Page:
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Unformatted text preview: Fluids – Lecture 3 Notes 1. 2D Aerodynamic Forces and Moments 2. Center of Pressure 3. Nondimensional Coeﬃcients Reading: Anderson 1.5 – 1.6 Aerodynamics Forces and Moments Surface force distribution The ﬂuid ﬂowing about a body exerts a local force/area (or stress) f vector on each point of the body. Its normal and tangential components are the pressure p and the shear stress τ . ( magnitude greatly exaggerated) V f f τ R M R L D N A α α p local pressure and shear stress components force/area distribution on airfoil τ r ds r resultant force, and moment about ref. point alternative components of resultant force The figure above greatly exaggerates the magnitude of the τ stress component just to make it visible. In typical aerodynamic situations, the pressure p (or even the relative pressure p − p ∞ ) is typically greater than τ by at least two orders of magnitude, and so f vector is very nearly perpendicular to the surface. But the small τ often significantly contributes to drag, so it cannot be neglected entirely. The stress distribution f vector integrated over the surface produces a resultant force vector R , and also a moment M about some chosen momentreference point. In 2D cases, the sign convention for M is positive nose up, as shown in the figure. Force components The resultant force vector R has perpendicular components along any chosen axes. These axes are arbitrary, but two particular choices are most useful in practice. 1 Freestream Axes: The vector R components are the drag D and the lift L , parallel and perpendic ular to vector V ∞ . Body Axes: The vector R components are the axial force A and normal force N , parallel and perpendicular to the airfoil chord line. If one set of components is computed, the other set can then be obtained by a simple axis transformation using the angle of attack α . Specifically, L and D are obtained from N and A as follows....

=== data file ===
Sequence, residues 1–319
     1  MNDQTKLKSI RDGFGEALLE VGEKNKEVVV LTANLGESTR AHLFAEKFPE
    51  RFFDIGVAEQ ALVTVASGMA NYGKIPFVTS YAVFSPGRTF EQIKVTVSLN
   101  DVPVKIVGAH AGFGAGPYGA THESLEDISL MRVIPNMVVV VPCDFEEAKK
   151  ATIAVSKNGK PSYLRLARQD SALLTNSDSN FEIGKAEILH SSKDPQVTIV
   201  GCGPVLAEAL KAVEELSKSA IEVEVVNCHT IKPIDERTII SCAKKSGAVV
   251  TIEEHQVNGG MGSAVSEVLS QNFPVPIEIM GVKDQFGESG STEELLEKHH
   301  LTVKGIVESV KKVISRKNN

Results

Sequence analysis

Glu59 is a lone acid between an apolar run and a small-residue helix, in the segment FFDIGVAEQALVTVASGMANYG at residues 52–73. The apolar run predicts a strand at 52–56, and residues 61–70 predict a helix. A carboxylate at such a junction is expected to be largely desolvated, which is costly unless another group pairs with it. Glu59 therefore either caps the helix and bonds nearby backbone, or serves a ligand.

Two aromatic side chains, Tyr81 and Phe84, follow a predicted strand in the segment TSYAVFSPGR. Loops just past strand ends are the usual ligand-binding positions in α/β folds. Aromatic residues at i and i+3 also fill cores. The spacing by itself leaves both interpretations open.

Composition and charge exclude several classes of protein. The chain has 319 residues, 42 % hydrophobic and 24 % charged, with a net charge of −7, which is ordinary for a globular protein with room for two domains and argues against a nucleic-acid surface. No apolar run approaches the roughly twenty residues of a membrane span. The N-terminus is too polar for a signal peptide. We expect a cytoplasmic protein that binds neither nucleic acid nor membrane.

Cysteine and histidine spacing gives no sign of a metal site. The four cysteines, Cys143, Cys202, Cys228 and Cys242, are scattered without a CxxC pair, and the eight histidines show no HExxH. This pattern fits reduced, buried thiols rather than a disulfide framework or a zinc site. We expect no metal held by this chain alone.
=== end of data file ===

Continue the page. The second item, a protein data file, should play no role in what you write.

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This note was uploaded on 01/28/2012 for the course AERO 16.01 taught by Professor Markdrela during the Fall '05 term at MIT.
 Fall '05
 MarkDrela
 Dynamics, Aerodynamics

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